ontiac, and Detroit.  And also the unforseen consequences, the combinatorials that would emerge that no one could anticipate and that could not be reduced to the expression of a single input.  Could not be reduced? . . .  Stalinism is one such combinatorial that can hardly be reduced (that is, derived from) the sayings of Marx or the cunning of Lenin.  Mein Gott!  What nonsense (if taken at face value); but what a glorious symptom of man's wretched condition.  Full Professors writing treatises on the Evil One.  (This is the Field Effect.) 

Michigan Steel Tube (UAW Local 238):


occupational classifications

work flow

workers (socio-cultural characteristics)


contexts (for management)

contexts (for workers)
Abolish narrative?  Of course--but not sequential development, not change over time.  Dodge Main is a case in point.  I interviewed Joe Adams (trim department), Earl Reynolds (trim),  Joe Ptaszynski, and Charles Watson.  I also interviewed Tony Podorsek, who was the supervisor of the body-in-white department at Dodge Main, then at Cadillac, then at Dodge Main again.  Paul Silver, president of UAW Local 351 (see photo) provided information on the Flying Squadron of Dodge Main.  Many narratives could be constructed out of these interviews, none of which would be about the union (which is an ontological fiction), but the two that stand are the stories the bildungsproletarians, on the one hand, and the story of fascism, o the other.

Midland Steel (UAW Local 410):

The Dodge local began as a company union, then as the AIWA under the tutelage of Charles Coughlin, then as a UAW local (#3).

Richard T. Leonard


Networks: Jenkins on Pontiac


Tool and Die: MESA's two cultures
Shipping & Receiving
Metal Finishing
Machine Shop


Trim Dept: Joe Adams
Incident on welding line; Frank Fagan
Variations on White: Williams-Henson
Metal Finishing: Podorsek
Dodge Main, center.  Midland Steel, lower right.  Detroit Steel Products just out of sight, lower left.  Michigan Steel Tube about five blocks north of Dodge.  Murray Body two block east of Dodge.
Chrysler Highland Park is just to the north west of Dodge.  Packard is just out of sight at the
lower left of this photo.

Cleveland Convention March 27, 1939

GM Tool and Die Strike: July 5, 1939
NLRB elections

Packard  8-17-39
Chrysler  9-28-39
Midland  12-12-39
Flint & Pontiac  4-17-40
Ford  5-21-41
Report of  George F. Addes, Secretary-Treasurer, UAW-CIO, Covering Activities and Progress of the Last Three Months (April through June, 1939) [Zaremba, Box 6]

Plan for Organizing Competitive Plants, Submitted by Walter P. Reuther to the UAW Executive Board at May, 1938 Meeting, Detroit [Addes, Box 9]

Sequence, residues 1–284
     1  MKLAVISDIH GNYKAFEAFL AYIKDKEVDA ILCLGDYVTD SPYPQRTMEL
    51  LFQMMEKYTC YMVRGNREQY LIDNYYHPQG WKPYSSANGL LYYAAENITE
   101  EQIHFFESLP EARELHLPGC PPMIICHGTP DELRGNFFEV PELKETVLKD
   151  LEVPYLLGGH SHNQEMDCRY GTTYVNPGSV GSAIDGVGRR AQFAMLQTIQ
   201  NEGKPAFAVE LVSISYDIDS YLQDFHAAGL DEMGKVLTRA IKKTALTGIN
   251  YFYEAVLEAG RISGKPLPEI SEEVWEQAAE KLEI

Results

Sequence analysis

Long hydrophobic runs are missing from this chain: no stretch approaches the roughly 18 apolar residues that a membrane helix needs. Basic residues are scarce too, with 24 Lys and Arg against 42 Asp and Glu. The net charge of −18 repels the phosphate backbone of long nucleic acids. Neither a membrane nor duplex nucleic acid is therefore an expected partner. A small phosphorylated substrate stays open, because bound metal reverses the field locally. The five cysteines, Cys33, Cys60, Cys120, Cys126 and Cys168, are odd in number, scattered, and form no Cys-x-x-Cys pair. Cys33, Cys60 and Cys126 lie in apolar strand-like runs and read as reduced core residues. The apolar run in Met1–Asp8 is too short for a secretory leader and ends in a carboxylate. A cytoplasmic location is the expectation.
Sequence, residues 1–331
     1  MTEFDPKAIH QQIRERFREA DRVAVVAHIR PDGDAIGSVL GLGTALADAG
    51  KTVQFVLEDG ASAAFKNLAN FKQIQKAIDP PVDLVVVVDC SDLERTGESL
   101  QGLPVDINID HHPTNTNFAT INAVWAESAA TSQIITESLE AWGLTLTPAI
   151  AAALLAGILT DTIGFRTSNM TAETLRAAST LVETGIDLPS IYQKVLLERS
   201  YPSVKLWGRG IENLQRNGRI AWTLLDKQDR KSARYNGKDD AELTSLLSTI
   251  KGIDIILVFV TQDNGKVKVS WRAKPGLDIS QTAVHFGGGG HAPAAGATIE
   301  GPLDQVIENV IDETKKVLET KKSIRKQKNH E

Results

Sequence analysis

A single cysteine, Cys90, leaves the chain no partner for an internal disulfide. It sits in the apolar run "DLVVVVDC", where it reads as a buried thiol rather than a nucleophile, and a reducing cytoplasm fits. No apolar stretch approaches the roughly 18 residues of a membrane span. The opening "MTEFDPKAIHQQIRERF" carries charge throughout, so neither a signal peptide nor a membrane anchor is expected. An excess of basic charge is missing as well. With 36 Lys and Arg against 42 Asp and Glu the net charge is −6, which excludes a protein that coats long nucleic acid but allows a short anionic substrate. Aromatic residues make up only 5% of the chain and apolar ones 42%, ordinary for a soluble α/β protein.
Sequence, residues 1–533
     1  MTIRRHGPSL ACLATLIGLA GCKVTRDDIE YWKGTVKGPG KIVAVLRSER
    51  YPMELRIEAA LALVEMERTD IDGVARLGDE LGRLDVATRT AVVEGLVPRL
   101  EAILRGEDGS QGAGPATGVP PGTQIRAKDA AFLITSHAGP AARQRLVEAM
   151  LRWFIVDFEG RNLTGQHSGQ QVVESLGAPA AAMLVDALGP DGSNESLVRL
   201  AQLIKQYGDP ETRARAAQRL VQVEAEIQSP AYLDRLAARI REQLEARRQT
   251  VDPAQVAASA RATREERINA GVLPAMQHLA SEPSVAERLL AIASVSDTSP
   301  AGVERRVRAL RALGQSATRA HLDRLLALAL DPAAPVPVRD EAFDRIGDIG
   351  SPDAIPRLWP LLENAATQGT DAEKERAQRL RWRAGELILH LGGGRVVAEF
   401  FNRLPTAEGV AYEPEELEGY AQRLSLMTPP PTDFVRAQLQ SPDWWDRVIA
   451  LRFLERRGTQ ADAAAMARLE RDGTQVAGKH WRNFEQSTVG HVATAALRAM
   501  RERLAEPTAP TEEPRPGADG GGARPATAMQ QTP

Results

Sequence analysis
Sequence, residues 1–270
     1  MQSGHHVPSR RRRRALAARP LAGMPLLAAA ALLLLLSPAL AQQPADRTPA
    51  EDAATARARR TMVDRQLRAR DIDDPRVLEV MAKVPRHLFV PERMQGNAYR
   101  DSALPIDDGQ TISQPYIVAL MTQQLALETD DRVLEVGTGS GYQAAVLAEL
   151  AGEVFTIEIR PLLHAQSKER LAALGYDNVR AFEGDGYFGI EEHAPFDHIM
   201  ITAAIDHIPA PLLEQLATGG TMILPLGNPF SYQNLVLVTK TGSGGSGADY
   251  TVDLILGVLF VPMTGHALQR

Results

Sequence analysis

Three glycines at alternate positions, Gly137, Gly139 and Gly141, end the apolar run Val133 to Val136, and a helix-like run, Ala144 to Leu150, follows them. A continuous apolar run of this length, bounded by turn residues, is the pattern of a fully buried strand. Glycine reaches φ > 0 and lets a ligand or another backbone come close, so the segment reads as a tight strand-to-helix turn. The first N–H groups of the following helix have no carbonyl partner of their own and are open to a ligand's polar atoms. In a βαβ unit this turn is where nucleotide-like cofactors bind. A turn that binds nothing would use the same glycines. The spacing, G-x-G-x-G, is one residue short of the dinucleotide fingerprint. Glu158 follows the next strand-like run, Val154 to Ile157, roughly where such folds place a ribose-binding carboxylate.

Wildcats--1937, Convention proceedings  and President's Report
(Aug 1937) [PF Folder]

Simons and Francis, Fisher Body #1, Flint: Oral Histories [PF Folder]

Lichtenstein, The Most Dangerous Man in Detroit ()

GM, Pontiac: Williams and Henson
Yellow Cab (Yellow Truck and Bus)
Pontiac Motors
Fisher Body

Clifton Williams (Aug. 16, 1974)

on sociotechnical characteristics

no organization, except for little skilled group (Matt Smith had some of them)
Yellow Cab in South East part of Pontiac on South Blvd
Fisher Body on Baldwin Ave, 7 miles north of yellow cab
Fisher Body made bodies only, just a big press room, trim, metal finishing, cushion building, etc.
FB had large tool and die, plant only employed less that 4000
met fin Polish probably dominated, the rest just people who came up from the south
quite a lot of Polish metal finishers, no Hungarians, a few Italians in Yellow Cab, greater number in Fisher Body, thatis as metal finishers
large contingent of Italisns in prod (in Yellow Cab) they seemed to just center on YC
(most of Poles here born in old country, moved from Detroit
Pontiac Motors had some metal finishers, dingmen, dingmen mostly Polish, born in old country

Cartesian illusions

Paul Russo
Leon Pody
Francis Everett
Bud Simons
Harry Ross
Adam Poplewski

Great granfaterh born in england, father born in England, came to us youg, father born in Tenn, married, wife died, then married Williams's mother
mother was an educated woman, went to college.  Father could hardly read.  Father a farmer, born in this country.  Left Tenn as 16, cane to Ky, was farming sharecropper, accumulated quite a bit of land by time he died, worked for Swedish famioy as sharecropper.

on union

Most of the people from the early days of our union came not from mich but from minn and wisc.  We  had SP of which I became a member very young.  Those were people who became leaders in union: minn wheat, wisc dairy, farm bcg  They supplied leadership and the base (about 1934)

Tyce Woody, person whose talents were wasted
Black Legion strong here, Tyce Woody advertised in for mass meeting in Pointiac High School, made ref to BL exposing it, they did in some of our people, Walter Hardy, negro, for his day very advanced and political minded, they took him and beat him . . . he never recovered his thinking